It takes time to succeed, because success is merely the natural reward of taking time to do anything well. Joseph Ross
My mother died in May of 2005. I would like to say that my Mom and I were always close but this is not so. We didn’t forge a bond until well into my adult years. For years growing up it was as if we were polar opposites and the disparity between us developed early on. It wasn’t that we bickered and fought but there was a silent and apparent understanding that we viewed life very differently.
Mom was a slow mover; she took her time in most everything she did. She got it done, but was thorough and unhurried about it. She wasn’t moved or frustrated by my huffs and long sighs. I just had to wait until she was done. She was one to take the time to do it correctly.
But she was this way with people as well; patient and considerate and understanding to a fault she was. She didn’t jump to conclusions based on hearsay and gossip, headlines and speculations. She waited to hear the whole story; and even then she waited some more because she had to be sure.
I am on the other end of this scale. I generally make decisions quickly. Even as others are speaking I am already drawing conclusions as to what my reply will be. I am a, just-get-to-the-point kind of person. It has helped and hurt me equally; I have hastily made decisions on matters when I should have waited. I’ve said ‘yes’ to a project before I realized it was much more than I could handle. I’ve been impatient with projects and have shoved past them quickly because the results I needed didn’t come fast enough. I’ve been impatient with myself, especially with my growth as a writer. It has not been until recent years that I have slowed it down and have begun to take time. Unfortunately Mom didn’t get to see this change in me.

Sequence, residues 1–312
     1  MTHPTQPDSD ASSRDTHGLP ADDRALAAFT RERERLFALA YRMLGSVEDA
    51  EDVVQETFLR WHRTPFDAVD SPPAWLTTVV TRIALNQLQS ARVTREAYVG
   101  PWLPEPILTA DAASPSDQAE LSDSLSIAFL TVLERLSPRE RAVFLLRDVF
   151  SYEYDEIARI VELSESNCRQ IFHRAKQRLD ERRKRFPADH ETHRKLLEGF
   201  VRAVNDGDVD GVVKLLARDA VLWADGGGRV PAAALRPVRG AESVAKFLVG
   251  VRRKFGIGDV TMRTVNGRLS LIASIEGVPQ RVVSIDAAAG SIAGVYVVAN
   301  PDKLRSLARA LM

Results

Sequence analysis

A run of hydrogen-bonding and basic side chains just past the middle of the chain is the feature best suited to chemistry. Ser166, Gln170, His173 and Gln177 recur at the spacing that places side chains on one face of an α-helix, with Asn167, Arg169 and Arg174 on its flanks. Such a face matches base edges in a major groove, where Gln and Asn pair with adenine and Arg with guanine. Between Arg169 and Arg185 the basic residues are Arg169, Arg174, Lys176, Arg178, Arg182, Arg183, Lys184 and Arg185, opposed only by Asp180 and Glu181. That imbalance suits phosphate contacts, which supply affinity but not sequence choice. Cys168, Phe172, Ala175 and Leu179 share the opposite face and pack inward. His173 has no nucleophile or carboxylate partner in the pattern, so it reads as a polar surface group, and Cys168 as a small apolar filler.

In a world where the just of our news can be crammed into a half an hour or where three minutes is too long to wait on a nuked full-course meal it seems ridiculous to tell someone to take time. Yet taking the time to do it at a reasonable pace can mean the difference between getting it right or completely botching it. Yet I am determined to make even more changes this year. I will take some time this year to:
- Chew over information slowly so that I understand and can make complete and informed decisions.
- Listen to people without constructing a response before they are even finished answering.
- Hear and listen to my kids before making speculations about what they really want
- Enjoy the people with whom I keep company without making excuses as to why I cannot stay a little longer
- Listen to the world around me and allow it to be reflected in my writing; especially in the area of fiction writing.
Time is a precious commodity and arguably as valuable as money. Although it seems limitless, it is not. One day we will look back and wonder where it all went. Meantime, I’m determined to spend it wisely.